Intel wins appeal as court overturns $2.18 billion VLSI patent infringement verdict

  • The U.S. Federal Circuit Court overturns Intel’s $2.18 billion VLSI patent infringement verdict.
  • Texas retrial scheduled to determine compensation for a second patent infringement.
  • Intel asserts VLSI’s patent holds “little value” in the upcoming legal proceedings.

In a significant legal development, the United States Federal Circuit Court of Appeals has overturned the jury’s 2021 verdict that found Intel guilty of infringing on VLSI Technology patents. The court rejected the $2.18 billion compensation judgment against Intel, marking one of the largest cases in the history of U.S. patent law.

According to the presiding judge, the case will be remanded to Texas for a fresh trial to determine the amount of compensation Intel should pay for allegedly infringing on a second VLSI patent.

The initial ruling took place in March 2021 when the federal court in Texas determined that Intel had violated VLSI Technology patents, resulting in a staggering $2.18 billion in damages. VLSI claimed that Intel’s Cascade Lake and Skylake processors infringed on their patented technology related to data processing improvements. The patent in question was acquired by VLSI from NXP Semiconductors.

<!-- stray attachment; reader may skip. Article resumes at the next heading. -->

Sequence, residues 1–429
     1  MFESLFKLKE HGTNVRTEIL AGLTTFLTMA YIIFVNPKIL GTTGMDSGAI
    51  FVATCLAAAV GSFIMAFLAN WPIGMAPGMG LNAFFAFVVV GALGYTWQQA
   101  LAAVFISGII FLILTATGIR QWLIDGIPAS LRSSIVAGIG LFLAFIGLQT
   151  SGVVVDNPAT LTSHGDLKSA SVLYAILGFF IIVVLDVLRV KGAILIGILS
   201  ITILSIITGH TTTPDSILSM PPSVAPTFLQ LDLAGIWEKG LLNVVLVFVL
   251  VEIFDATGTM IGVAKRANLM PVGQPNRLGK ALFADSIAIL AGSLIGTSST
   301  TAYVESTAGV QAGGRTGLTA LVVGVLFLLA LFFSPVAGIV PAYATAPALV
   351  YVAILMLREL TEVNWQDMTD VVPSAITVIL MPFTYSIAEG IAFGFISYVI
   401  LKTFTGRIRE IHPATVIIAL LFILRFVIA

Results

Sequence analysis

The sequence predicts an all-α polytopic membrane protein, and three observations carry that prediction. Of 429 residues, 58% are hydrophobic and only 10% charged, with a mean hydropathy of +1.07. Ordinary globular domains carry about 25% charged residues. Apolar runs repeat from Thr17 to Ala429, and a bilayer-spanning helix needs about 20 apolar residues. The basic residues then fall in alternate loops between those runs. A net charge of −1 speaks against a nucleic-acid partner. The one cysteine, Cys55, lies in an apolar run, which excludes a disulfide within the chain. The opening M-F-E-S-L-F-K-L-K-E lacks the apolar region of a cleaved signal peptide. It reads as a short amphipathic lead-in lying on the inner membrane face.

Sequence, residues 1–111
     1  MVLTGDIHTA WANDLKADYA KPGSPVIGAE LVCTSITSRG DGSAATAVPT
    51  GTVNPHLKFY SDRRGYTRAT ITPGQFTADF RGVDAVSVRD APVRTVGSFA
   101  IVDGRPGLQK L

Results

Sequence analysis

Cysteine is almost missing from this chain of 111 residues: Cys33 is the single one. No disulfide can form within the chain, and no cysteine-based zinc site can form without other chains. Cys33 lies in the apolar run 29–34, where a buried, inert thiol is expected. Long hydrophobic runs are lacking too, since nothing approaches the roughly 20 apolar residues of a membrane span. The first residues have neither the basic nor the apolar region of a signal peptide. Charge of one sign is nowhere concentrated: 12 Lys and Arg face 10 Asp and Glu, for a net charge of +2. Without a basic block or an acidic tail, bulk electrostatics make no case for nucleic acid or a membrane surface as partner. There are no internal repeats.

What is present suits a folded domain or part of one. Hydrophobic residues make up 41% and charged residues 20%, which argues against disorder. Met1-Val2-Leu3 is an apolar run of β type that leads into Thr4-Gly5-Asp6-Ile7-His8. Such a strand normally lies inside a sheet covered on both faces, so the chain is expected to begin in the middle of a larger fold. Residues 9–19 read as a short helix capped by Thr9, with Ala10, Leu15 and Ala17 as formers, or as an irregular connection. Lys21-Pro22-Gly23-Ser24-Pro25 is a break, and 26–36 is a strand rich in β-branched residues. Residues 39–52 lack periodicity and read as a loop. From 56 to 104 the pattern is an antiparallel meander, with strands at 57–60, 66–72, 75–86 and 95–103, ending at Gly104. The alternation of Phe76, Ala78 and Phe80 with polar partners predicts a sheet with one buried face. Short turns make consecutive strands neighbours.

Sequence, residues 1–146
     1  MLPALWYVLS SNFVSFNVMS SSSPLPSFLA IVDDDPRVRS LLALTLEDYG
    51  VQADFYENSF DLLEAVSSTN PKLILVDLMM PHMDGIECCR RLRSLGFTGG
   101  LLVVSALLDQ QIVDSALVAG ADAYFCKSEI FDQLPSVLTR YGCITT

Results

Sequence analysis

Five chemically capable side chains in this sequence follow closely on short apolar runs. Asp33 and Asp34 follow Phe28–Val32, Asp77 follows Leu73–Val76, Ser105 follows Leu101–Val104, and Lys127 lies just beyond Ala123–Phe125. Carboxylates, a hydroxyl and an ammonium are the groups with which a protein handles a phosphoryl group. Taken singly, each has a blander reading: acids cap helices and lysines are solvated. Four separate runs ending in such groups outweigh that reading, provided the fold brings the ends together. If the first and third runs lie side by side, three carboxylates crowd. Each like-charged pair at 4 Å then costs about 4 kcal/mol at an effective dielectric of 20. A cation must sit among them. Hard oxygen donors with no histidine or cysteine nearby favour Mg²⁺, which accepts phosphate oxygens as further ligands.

Also read: Intel Drops Hightower Acquisition

In a surprising turn of events in June of the same year, the United States Patent and Trademark Office (PTAB) declared one of VLSI Technology’s patents invalid, relieving Intel of the $2.18 billion financial burden. It was revealed that these patents were initially granted to Freescale Semiconductor (now part of NXP) in 2012 and SigmaTel in 2010, with both companies later being acquired and the patents ultimately transferred to VLSI Technology LLC in 2019.

Also read: Intel forges ahead with New Chip Innovation Center in Shenzhen amid escalating US-China tech battle

An Intel spokesperson expressed satisfaction with the court’s decision, stating that the company will argue in the upcoming damages trial that VLSI’s patent holds “little value“. This suggests that Intel intends to challenge the legitimacy and significance of the patent in question during the new legal proceedings.

The case has not only showcased the complexities of patent litigation but has also underscored the dynamic nature of the semiconductor industry, where companies frequently acquire and transfer intellectual property rights. As the legal battle continues, the tech community awaits the outcome of the upcoming trial in Texas, which will play a pivotal role in determining the final resolution of this high-stakes patent infringement dispute.


Flavie Du

Flavie Du was a senior writer at BTW media focused on blockchain and fintech investment. She graduated from King’s College London.

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